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Thursday, August 15, 2002

Arts & Letters

A Great Thing, In Truth…

The Greeks and the Sea: Hellenic Ships from Ancient Times Through the Twentieth Century, an exhibition of models of ships from the Hellenic Maritime Museum, Foundation for Hellenic Culture, New York, June 19– September 30, 2002.




A great thing, indeed, is the control of the sea. Just think: if we were islanders, who would be more unassailable?
– Thucydides, History of the Peloponnesian War, 1.143.5-6

In 1990, the Alexander S. Onassis Center for Hellenic Studies at New York University (NYU) awarded Professor Robert S. Browning its first biennial Gold Metal for Excellence in Hellenic Studies and organized a conference, The Greeks and the Sea, in his honor. The conference focused on the diachronic involvement of Greeks with the sea, and was held in conjunction with an exhibit at NYU’s Grey Art Gallery of ship models, photographs, lithographs, paintings, maps, prints, sculpture, and coins. Twelve years later, the Hellenic Maritime Museum, which had contributed a number of artifacts to the exhibit at the Grey Gallery, and the Foundation for Hellenic Culture have organized a second exhibit on the same subject, under the same title.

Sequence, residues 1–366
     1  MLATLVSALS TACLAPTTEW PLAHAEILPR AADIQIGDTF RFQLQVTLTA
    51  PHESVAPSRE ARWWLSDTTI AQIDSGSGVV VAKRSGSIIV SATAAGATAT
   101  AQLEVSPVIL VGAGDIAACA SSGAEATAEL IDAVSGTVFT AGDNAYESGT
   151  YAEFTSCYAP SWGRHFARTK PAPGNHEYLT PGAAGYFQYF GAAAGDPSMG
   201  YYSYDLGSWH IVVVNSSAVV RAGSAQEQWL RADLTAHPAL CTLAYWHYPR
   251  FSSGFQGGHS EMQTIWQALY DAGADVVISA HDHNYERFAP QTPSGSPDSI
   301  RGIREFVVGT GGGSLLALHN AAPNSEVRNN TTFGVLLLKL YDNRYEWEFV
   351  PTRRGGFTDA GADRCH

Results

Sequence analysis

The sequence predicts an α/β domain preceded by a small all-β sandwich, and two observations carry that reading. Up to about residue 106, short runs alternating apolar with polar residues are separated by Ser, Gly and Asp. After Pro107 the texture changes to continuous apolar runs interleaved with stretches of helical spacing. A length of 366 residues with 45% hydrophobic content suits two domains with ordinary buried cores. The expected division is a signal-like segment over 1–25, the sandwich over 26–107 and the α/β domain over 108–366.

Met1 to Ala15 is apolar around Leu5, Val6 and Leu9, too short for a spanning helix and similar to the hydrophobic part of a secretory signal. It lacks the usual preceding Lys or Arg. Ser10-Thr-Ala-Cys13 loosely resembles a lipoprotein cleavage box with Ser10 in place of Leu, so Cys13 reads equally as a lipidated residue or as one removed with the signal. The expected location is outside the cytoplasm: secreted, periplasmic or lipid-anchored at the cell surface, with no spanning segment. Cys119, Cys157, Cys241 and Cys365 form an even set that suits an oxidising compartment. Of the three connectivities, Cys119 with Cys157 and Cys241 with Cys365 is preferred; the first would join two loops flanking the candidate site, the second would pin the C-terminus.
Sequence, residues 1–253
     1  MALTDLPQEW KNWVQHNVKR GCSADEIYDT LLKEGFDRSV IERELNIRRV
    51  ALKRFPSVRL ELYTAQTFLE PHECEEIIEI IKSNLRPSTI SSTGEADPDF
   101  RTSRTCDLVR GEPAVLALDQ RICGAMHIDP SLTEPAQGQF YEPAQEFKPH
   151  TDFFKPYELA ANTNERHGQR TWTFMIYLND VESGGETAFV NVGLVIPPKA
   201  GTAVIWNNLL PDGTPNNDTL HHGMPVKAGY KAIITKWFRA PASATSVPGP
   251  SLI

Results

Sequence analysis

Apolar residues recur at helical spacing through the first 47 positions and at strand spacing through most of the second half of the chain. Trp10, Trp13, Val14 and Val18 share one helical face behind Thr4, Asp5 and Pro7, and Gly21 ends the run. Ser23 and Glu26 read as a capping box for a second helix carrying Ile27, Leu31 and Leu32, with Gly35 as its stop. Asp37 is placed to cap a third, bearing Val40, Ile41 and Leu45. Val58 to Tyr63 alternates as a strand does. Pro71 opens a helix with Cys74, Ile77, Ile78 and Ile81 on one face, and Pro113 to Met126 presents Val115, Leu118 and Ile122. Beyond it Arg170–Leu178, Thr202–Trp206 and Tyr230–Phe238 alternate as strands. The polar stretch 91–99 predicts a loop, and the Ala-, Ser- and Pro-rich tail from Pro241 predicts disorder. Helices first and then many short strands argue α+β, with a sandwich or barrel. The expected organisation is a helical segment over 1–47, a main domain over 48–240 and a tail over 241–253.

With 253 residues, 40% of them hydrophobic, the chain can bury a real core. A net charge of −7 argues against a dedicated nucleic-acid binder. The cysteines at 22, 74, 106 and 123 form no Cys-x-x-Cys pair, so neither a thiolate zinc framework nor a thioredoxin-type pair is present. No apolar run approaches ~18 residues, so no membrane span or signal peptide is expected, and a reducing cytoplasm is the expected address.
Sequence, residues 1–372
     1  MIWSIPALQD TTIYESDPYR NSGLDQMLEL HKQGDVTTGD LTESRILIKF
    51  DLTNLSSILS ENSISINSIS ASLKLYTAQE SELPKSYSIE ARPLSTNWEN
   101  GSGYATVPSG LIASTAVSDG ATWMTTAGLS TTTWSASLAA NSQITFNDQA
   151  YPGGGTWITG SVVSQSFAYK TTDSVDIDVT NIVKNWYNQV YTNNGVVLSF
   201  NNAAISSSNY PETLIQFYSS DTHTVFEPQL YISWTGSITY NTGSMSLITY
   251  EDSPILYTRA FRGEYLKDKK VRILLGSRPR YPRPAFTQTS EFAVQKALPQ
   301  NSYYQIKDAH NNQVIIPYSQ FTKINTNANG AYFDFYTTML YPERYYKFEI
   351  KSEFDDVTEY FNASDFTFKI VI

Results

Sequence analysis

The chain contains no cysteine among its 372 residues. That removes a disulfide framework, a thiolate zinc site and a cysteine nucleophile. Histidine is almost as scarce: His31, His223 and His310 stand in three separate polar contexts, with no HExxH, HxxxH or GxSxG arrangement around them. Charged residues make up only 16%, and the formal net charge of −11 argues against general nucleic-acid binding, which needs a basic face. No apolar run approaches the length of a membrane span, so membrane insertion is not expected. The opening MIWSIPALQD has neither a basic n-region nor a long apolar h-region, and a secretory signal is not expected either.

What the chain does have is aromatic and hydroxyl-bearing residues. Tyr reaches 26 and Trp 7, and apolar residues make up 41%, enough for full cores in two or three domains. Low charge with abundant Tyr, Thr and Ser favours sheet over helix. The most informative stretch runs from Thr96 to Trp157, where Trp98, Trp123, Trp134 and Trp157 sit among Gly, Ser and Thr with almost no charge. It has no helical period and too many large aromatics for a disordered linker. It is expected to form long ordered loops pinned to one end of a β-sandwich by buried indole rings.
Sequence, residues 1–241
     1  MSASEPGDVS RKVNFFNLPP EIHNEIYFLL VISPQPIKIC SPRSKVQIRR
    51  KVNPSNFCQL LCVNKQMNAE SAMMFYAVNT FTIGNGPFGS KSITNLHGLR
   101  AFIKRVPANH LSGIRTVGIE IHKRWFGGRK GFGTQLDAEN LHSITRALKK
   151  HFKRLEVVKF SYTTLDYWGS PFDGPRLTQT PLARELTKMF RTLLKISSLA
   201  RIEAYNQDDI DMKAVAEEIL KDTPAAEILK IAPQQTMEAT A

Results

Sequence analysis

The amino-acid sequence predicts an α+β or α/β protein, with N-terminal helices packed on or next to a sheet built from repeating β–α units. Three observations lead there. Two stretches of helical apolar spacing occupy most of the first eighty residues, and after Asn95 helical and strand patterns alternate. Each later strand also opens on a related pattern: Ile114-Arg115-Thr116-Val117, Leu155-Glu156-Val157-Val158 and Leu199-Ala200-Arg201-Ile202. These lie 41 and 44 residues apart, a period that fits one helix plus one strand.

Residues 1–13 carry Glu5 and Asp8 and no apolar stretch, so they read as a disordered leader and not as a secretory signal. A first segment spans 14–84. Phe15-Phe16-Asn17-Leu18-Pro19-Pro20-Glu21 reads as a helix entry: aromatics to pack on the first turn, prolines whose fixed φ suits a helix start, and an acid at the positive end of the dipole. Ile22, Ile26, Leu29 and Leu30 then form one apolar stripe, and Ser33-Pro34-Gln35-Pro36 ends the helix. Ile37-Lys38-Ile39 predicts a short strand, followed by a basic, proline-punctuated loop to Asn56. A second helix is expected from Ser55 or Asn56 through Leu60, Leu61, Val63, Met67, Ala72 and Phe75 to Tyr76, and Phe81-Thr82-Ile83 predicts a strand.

As stated in the catalogue of The Greeks and the Sea: Hellenic Ships from Ancient Times Through the Twentieth Century, the “ultimate objective” of this exhibit is to provide a continuous historical narrative of Greek engagement with the sea. The continuity that characterizes this engagement is expressed in the show’s arrangement into five chronological sections that examine the maritime activities of Greeks from antiquity to today: “Prehistoric and Ancient Times,” “Greek Explorers and Seafarers in Antiquity and the Byzantine Period,” “Byzantium and the Sea,” “Greek War of Independence (1821-28) and Ships of the Nineteenth Century,” and “Twentieth Century: War and Dominance of the Greek Merchant Marine.”

One might question the artistic and educational merits of this show, given that the conference and exhibit at NYU had approached the concept of the Greeks and the sea in what appeared to be a comprehensive manner. While, however, the dynamics of the encounter between Greeks and the sea were analyzed both through the presentations at the conference and the exhibition of a wide variety of objects and artifacts in 1990, the current exhibit at the Foundation for Hellenic Culture looks into the complex maritime history of the Greeks mainly through different ship models of the five historical periods into which the show is divided. As indicated by the exhibit’s subtitle, Hellenic Ships from Ancient Times Through the Twentieth Century, the 16 beautiful models provided by the maritime museum are the focal point of the exhibit, which also includes a small number of paintings, maps, and one amphora.